Cape Town - The National Horseracing Authority of Southern Africa (NHA) has requested clarity from Mayfair Speculators, the company dealing with former Steinhoff CEO Markus Jooste's horseracing interests.
Jooste, a horse breeder and racing fanatic, quit as Steinhoff International Holdings NV CEO last Tuesday after the discovery of suspected financial wrongdoing.
Shares in the global clothing and furniture retailer have crashed 85% since, wiping a staggering €11bn (R176bn) from the value of the company.
On Monday in a press release, the NHA said that given the current media speculation surrounding Jooste and his resignation they have requested clarity and information from Mayfair Speculators.
This is largely in reaction to the Public Servants Association's (PSA) insistence that Jooste's horses be barred from competing in two major race days in January 2018, both at Kenilworth racecourse in Cape Town.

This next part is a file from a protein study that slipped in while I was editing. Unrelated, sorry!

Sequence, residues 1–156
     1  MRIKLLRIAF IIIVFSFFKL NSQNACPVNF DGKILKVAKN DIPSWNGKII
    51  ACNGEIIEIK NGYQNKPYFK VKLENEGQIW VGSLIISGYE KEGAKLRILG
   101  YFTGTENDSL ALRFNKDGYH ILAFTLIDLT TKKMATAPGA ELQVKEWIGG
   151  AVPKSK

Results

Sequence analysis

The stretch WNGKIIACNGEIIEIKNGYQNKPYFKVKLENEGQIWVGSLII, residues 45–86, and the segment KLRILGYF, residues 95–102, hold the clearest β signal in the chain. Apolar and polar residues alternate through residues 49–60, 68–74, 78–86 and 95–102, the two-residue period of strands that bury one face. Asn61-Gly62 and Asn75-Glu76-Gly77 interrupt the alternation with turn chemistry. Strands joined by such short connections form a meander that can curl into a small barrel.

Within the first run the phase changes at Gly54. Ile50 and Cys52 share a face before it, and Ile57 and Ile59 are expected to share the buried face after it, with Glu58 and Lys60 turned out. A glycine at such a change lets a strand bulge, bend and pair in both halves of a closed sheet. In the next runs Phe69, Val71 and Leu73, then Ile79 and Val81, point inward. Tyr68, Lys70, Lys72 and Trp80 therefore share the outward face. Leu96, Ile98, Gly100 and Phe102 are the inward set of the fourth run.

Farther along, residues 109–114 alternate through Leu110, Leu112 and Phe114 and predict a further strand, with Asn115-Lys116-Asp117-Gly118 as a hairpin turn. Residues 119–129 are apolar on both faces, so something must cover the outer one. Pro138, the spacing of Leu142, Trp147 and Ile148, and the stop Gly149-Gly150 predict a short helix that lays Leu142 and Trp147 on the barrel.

Those race days in question are the L'Ormarins Queen's Plate on Saturday, January 6 and the Sun Met three weeks later on January 27.
“The PSA, as custodian of public servants’ pensions, cannot allow Jooste to continue making millions until an investigation into the irregularities has been completed,” the union said.
The Queen's Plate offers prize money of R1.5m alone which excludes money on offer for the other races on the card.
Sun Met day is dubbed "Africa's richest race day" with R15m on offer in addition to the main attraction which boasts a R5m purse.
As recently as 2015, Jooste was believed to be the world's second biggest racehorse owner, behind Sheikh Mohammed bin Rashid Al Maktoum, the ruler of Dubai.
Reigning SA Horse of the Year, Legal Eagle, seeking a hat-trick of Queen's Plate victories - and currently the bookmakers' favourite to do so - is owned by Jooste's Mayfair Speculators.